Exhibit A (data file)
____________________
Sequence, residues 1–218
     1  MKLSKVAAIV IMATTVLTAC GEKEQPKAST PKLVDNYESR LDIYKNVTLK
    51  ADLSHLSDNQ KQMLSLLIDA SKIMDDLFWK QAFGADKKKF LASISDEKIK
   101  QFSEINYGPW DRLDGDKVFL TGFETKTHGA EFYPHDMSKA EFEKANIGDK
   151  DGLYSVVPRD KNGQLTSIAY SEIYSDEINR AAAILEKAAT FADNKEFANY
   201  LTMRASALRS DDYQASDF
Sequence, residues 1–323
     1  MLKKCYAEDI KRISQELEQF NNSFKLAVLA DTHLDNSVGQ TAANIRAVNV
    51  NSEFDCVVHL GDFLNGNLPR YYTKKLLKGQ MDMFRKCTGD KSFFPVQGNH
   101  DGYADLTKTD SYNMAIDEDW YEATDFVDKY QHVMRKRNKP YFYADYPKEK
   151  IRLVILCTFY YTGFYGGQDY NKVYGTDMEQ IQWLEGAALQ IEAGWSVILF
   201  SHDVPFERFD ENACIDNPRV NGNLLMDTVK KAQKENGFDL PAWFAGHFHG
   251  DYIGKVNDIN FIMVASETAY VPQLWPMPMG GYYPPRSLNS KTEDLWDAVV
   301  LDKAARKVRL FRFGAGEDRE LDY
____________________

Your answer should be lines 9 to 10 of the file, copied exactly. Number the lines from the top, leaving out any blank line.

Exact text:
    51  NSEFDCVVHL GDFLNGNLPR YYTKKLLKGQ MDMFRKCTGD KSFFPVQGNH
   101  DGYADLTKTD SYNMAIDEDW YEATDFVDKY QHVMRKRNKP YFYADYPKEK